To add to Owen's info, take a look at the knife-length broken back seax in the myArmoury seax article: http://www.myArmoury.com/feature_seax.html. They all show at least some profile widening from tang to start of the clip.


That is a nice article, but I am not referring to profile tapers, rather a taper in thickness of the spine with the thickest part being where the spine 'breaks' to slope down to the point. I very much appreciate the comments and the link though.

Michael 'Tinker' Pearce
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Then one night, as my car was going backwards through a cornfield at 90mph, I had an epiphany...
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Dustin R. Reagan





Joined: 09 May 2006

Posts: 264

PostPosted: Sun 20 Feb, 2011 10:45 am    Post subject:         Reply with quote

Michael Pearce wrote:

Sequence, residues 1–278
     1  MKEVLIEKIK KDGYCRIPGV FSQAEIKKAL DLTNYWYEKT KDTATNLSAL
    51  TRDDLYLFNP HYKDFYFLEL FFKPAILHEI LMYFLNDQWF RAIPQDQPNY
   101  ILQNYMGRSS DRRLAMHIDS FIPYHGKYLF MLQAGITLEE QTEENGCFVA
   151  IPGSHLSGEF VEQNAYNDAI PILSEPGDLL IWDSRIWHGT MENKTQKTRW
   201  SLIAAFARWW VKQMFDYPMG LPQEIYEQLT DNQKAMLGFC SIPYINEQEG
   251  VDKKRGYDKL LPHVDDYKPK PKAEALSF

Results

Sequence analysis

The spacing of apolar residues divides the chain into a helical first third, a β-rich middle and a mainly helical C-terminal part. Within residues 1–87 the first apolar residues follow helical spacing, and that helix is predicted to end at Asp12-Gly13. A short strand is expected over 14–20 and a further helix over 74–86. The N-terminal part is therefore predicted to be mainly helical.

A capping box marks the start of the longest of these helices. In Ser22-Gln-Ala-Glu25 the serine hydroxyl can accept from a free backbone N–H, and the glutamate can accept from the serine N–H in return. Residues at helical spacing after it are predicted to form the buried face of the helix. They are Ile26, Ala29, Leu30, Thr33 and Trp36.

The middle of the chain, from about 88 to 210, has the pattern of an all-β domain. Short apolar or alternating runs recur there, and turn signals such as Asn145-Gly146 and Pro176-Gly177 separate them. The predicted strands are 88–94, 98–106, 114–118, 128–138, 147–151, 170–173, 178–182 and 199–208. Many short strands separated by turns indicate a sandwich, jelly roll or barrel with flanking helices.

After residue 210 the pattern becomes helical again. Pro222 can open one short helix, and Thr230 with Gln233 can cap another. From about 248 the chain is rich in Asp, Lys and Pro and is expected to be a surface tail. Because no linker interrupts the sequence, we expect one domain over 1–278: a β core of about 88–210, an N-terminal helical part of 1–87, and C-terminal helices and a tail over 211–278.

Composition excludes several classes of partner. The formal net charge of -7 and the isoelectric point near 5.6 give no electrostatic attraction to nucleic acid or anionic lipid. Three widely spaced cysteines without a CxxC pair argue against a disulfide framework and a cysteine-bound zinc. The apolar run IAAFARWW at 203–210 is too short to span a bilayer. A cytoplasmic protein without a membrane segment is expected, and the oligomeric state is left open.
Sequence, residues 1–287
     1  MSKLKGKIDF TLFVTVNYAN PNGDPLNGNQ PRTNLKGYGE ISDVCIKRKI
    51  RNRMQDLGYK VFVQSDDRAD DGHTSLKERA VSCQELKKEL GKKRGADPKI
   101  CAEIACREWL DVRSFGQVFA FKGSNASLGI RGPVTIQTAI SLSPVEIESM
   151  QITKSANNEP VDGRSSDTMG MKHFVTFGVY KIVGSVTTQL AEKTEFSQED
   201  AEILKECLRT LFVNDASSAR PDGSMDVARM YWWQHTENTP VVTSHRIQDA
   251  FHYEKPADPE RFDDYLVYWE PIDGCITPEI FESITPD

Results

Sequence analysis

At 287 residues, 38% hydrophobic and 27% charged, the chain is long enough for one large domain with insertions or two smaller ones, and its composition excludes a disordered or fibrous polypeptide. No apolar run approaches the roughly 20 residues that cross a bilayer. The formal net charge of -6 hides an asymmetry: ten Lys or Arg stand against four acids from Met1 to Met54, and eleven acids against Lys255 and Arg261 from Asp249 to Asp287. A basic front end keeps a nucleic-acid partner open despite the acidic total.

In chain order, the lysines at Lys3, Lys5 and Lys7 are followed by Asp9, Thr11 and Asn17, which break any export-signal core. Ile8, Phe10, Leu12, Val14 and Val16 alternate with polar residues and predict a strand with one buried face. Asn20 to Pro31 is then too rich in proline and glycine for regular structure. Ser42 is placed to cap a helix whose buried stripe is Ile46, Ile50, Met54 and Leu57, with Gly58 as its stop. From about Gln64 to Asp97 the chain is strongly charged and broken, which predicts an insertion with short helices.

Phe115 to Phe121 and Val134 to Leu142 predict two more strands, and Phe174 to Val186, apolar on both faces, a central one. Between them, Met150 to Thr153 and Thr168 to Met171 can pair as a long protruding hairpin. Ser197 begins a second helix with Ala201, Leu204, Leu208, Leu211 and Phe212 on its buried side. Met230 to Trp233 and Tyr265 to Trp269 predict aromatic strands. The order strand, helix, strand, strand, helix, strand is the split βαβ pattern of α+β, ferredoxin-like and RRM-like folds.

Dustin R. Reagan wrote:
To add to Owen's info, take a look at the knife-length broken back seax in the myArmoury seax article: http://www.myArmoury.com/feature_seax.html. They all show at least some profile widening from tang to start of the clip.


That is a nice article, but I am not referring to profile tapers, rather a taper in thickness of the spine with the thickest part being where the spine 'breaks' to slope down to the point. I very much appreciate the comments and the link though.


Ah, yes, sorry for misunderstanding. I've never heard of this phenomena before, either. I'd be very interested in seeing a historical example of this. I see now, in Owen's picture, he has the spine width listed in the diagram. This is also consistent with what I've had described when I've asked museums for dimensions of seax. Small broken back seax often have consistent (or very very small amount of "normal" distal taper) spine width up to the start of the clip, and taper from there. Longer broken-back seax tend to have relatively thick spines, but at least a small amount of consistent distal taper in the normal direction (from tang to tip).

Here's an informative post about a longer broken-back seax by Peter Johnsson:
http://forums.dfoggknives.com/index.php?showt...p;p=167744